coal

North Dakota’s coal regulatory and abandoned mine land programs have received high marks from the federal Office of Surface Mining.

The reports come from the year that ended June 30th.

The programs are under the Public Service Commission. Commission chairman Randy Christmann said the reports show North Dakota has a cost-effective program that doesn’t need any corrective action.

Amy Sisk / Inside Energy

With the Clean Power Plan out, officials in North Dakota say they are still committed to finding ways to capture carbon emissions from coal-fired power plants.

They’re eyeing a project under construction in Texas to build a zero-emission gas plant, a small-scale version of the Allam Cycle outside Houston that’s slated to fire up next year.

Amy Sisk / Prairie Public

Officials across coal-rich states are cheering an announcement that the Environmental Protection Agency will withdraw the Clean Power Plan. Now, attention turns to how the nation will address greenhouse gas emissions going forward.

The rule put in place by the Obama administration would have required North Dakota to reduce its carbon emissions 45 percent by 2030. The state’s coal industry worried this would force utilities to shut down some coal-fired power plants and, subsequently, the coal mines that feed lignite to these facilities.

Amy Sisk / Prairie Public

North Dakota’s lignite coal industry has ambitious -- and pricey -- plans to capture carbon emissions from coal-fired power plants, which industry leaders highlighted Thursday at a conference in Bismarck.

Coal Plants Adapt To Follow Demand

Aug 2, 2017
Amy Sisk / Inside Energy

Facing competition from renewables and cheap natural gas, coal-fired power plants are learning they must adjust to survive.

For decades, many coal plants burned coal as fast as their facilities could handle.

"The best way they operate is you turn them on, you run them up as high as you can, and you let them run for days," said Dale Niezwaag, vice president of government relations for Basin Electric Power Cooperative.

 

Amy Sisk / Inside Energy

 

 

If the coal industry is to survive, its savior may be something often touted by President Donald Trump when he talks energy.

“We’re going to have clean coal, really clean coal,” he said earlier this year in announcing an executive order to roll back the emission-targeting Clean Power Plan.

In North Dakota, Will Wind Keep The Lights On?

May 16, 2017
Amy Sisk / Inside Energy

Steven Somsen’s farm has looked the same his entire life -- it’s flat, with wheat and soybeans that will soon grow as far as the eye can see.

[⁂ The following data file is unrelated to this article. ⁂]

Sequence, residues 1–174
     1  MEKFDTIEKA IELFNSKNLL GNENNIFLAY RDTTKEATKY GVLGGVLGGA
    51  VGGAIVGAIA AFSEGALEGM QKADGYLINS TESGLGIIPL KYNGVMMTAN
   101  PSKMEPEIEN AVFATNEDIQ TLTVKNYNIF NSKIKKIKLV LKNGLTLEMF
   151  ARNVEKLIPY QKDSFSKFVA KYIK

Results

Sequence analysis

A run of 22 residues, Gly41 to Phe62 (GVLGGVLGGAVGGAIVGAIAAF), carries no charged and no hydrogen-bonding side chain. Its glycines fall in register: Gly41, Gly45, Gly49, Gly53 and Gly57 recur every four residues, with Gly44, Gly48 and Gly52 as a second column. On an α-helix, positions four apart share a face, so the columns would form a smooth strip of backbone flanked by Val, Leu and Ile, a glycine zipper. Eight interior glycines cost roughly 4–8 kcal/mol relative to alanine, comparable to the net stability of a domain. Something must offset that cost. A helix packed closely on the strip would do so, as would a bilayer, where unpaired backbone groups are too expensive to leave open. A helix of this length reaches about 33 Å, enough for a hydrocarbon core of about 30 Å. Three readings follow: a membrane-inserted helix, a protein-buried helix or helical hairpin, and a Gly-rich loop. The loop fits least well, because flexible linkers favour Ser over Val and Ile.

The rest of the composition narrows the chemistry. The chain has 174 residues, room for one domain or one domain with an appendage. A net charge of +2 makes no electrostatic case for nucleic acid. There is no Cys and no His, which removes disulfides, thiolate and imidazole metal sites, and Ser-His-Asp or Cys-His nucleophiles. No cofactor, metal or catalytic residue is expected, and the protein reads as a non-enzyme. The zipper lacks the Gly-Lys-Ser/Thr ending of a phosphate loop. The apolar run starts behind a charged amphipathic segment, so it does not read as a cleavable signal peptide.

But the 61-year-old’s view changed last year.

“Those are the closest ones to us, but they’re not our towers,” he said, pointing to several nearby wind turbines. “That’s the neighbors’. Ours are way, way off in there.”

One hundred wind turbines dot the farmland around his rural community of Courtenay in eastern North Dakota. Somsen has three on his land.

Amy Sisk / Inside Energy

The coal industry is breathing a sigh of relief with Donald Trump about to enter the White House.

He campaigned on an energy platform that would strip away Obama administration regulations on the fossil fuel industry. Chief among them: the Clean Power Plan.

State sues over 'stream rule'

Dec 21, 2016

The state of North Dakota has filed suit in federal court to stop a new Interior Department rule designed to protect streams from adverse impacts of coal mining.

State officials say the new rule was written with Appalachia in mind – and doesn’t work with open pit lignite mines.

The North Dakota Public Service Commission regulates lignite mining. Commissioner Randy Christmann said the rule would be devastating for the industry.

“What they’re proposing to do here effectively takes a good part of our coal reserves and makes them impossible to mine,” said Christmann.

Western energy states see unemployment jump

Jun 21, 2016

Several western states whose economies depend heavily on the fossil fuel industry have seen major jumps in unemployment. Inside Energy’s Amy Sisk has more. The Bureau of Labor Statistics reports Colorado’s unemployment rate went up significantly in May. Over the past year, rates in Wyoming and North Dakota grew faster than any other state. Plummeting prices for coal, oil and natural gas hit workers hard. In Wyoming.

Pages